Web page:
Tuesday, February 14, 2012

Airport PDA Project Business Plan

Hand held and vehicle-mounted Personal Digital Assistant (PDA) are currently used by several service firms in the fields of paramedic and roadside assistance; inventory management warehouse vehicles; courier and shipping deliveries, and logistics and industrial monitoring and control. Employees in the field or shop floor use PDA units to retrieve data, record transactions and update central systems over wireless networks for real time processing.
The company is seriously considering expanding it lines of business to offer handheld and vehicle mounted PDA technology in a commercial airport environment.  A PDA can be configured to run applications to serve as a wireless computer terminal for online real time transaction processing when undertaking ground support activities for processing passengers, cargo and aircraft at the airport terminal. 
Functionalities of wireless Airport PDA
The PDA will run a tweaked Microsoft Windows 8 OS that will have tight integration with the airport specific application and will have a rugged water and shock-resistant body casing of outdoor use, with attachments that can mount it in any part of a service vehicle or taken out for field assignment.  The application suite that can be configured for specific airport user requirement will cover the following:
Pre-flight activities
  • Cargo and baggage handling:  This feature often comes with a scanner that accepted IATA bar coding standards or Radio Frequency tags so they can just read bag tags and to ensure that baggage and cargo get correctly loaded as manifested into the right flight and destination (Stecher)
  • Mobile check-in service for passengers:  With a PDA on hand, terminal check-in staff effectively brings the counter to passengers forming a queue at the check-in counters (Trivedi). Like hamburger fast foods taking orders while you’re queuing, airport staff can check you in doing the same thing but with a PDA. Some airlines consider it a better alternative that Kiosk-based self-check-in counters offered in several European airports.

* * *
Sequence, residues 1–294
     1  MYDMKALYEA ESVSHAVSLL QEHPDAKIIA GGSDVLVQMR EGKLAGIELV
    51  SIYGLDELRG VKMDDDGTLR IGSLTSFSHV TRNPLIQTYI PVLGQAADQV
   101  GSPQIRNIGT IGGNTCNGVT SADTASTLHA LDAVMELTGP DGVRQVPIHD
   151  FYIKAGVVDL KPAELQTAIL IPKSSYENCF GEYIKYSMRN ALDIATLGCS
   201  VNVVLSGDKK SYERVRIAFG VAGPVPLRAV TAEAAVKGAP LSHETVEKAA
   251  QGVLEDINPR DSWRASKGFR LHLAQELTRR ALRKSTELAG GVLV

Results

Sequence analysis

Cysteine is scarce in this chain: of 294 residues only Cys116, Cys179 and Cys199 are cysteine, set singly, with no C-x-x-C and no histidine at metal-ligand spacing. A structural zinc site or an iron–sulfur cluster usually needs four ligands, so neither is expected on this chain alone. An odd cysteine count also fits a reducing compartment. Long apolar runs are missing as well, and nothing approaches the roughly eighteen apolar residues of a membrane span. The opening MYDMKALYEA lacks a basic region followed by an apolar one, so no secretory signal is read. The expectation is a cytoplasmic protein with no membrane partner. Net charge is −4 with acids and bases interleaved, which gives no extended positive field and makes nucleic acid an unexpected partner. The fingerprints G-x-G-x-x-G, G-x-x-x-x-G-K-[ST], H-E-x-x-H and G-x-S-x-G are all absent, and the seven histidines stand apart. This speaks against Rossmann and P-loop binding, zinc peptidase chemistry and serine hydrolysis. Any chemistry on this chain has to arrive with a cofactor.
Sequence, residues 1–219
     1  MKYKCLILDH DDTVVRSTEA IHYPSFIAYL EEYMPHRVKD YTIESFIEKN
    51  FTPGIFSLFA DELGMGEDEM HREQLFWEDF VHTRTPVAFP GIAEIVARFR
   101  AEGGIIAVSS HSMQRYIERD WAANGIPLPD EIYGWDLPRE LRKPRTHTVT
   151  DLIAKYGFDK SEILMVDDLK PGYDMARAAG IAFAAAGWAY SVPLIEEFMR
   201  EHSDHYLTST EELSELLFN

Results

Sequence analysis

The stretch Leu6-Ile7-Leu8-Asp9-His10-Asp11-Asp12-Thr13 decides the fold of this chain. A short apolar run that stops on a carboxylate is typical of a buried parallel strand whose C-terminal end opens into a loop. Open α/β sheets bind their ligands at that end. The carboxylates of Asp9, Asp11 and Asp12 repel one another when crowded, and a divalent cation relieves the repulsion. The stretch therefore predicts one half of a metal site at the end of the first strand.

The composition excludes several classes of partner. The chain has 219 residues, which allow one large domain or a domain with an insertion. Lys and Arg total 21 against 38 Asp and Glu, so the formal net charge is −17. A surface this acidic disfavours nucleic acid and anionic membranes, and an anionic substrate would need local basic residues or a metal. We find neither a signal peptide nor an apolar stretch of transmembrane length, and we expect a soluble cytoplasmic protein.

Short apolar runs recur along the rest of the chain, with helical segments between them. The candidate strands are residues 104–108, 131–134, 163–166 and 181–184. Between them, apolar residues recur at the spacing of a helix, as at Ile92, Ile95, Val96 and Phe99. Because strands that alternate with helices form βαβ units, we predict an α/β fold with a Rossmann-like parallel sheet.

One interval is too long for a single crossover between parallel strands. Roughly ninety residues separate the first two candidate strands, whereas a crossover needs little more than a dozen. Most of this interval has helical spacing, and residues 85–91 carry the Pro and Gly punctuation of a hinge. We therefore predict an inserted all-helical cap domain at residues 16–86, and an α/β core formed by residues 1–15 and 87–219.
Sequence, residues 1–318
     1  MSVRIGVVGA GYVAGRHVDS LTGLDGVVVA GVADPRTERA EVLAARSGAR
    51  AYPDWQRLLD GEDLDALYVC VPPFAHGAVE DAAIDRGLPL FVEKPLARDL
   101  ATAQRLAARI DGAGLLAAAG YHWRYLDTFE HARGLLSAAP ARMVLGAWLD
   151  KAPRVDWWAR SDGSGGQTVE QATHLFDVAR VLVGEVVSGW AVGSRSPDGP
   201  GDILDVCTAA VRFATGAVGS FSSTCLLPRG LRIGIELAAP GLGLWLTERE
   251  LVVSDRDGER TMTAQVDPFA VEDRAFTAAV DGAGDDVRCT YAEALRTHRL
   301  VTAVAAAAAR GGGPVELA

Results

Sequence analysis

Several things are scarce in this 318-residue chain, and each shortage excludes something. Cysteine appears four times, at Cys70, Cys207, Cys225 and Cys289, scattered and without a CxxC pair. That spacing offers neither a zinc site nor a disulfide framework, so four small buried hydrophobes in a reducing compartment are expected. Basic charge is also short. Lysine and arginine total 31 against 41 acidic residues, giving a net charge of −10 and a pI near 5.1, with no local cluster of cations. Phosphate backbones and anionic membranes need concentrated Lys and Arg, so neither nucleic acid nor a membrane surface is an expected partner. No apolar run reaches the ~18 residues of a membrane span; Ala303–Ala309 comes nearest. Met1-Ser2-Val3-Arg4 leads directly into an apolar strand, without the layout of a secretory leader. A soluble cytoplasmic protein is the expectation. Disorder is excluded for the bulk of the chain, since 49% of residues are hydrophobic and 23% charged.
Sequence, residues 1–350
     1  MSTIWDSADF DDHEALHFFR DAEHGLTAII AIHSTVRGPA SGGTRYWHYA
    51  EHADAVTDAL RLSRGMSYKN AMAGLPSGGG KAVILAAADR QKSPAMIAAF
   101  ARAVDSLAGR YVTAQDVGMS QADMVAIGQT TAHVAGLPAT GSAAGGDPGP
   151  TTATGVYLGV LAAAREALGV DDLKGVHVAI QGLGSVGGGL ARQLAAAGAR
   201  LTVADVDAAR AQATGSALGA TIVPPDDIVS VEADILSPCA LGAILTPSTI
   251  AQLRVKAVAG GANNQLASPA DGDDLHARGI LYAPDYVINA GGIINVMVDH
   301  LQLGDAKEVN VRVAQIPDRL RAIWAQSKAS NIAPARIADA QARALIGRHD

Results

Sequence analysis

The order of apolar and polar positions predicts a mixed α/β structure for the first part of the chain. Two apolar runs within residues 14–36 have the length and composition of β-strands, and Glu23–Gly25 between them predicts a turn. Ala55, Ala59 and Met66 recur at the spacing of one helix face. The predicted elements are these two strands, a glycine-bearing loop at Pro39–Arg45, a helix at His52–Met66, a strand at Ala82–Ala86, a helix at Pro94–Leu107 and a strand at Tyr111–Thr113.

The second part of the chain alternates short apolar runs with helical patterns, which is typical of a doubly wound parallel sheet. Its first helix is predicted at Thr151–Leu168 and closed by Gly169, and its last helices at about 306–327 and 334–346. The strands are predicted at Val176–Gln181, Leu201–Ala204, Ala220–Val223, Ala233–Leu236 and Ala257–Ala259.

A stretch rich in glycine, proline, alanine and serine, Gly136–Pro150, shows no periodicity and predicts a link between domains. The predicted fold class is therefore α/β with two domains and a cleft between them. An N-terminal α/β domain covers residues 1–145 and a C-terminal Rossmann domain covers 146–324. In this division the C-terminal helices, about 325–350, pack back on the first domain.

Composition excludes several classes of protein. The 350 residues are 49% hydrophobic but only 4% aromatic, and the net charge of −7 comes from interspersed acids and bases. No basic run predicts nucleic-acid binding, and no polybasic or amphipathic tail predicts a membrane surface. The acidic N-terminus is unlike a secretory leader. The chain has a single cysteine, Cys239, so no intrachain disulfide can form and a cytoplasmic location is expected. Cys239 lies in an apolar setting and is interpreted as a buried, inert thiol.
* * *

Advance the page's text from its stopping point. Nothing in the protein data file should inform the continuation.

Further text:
• Conveyance for disabled and elderly passengers using electric vehicles to transport them to their gate assignments.
  • Refueling vehicles  to record actual fuel uploads
  • Aircraft turnaround line maintenance
Post-flight activities:
  • Cargo and baggage off-loading for delivery to appropriate terminals
Telecommunications Support Infrastructure
The wireless network infrastructure will harness WiFi 802.11 technology that operates on the spread spectrum range of 2.4 GHz, well outside of airline UHF frequency ranges.  It will use the 802.11n for higher throughput and longer range operation of up to a quarter of a kilometer or doubled with special repeater antennas in select tarmac locations.
Business Requirements
The project as initially estimated will require an investment of £5 Million in manufacturing assembly costs and systems development over an 18-20 month period. 
a)      A client-server middleware that can send and interrogate data from in house systems
b)      UK-CAA clearance to operate in the frequency range that will not interfere with airline operations
c)      Project management teams that will develop and support the PDA
d)     Marketing support for promotions and advertising for product pre-launch 6 months into the project which will fall into Year 1 of operations.
e)      24x7 help desk to support airport operators
f)       Organizational Project implementation support of customer users
Pricing Approach
The break-even point to recover product development costs will be computed and a suitable margin will be determined.  Unit prices will be uniform regardless of volume sold to each client. Initial customers may have to carry the brunt of recovery costs while succeeding customers after achieving the break-even point can benefit from lower or discounted pricing depending on the volume of PDA terminals ordered.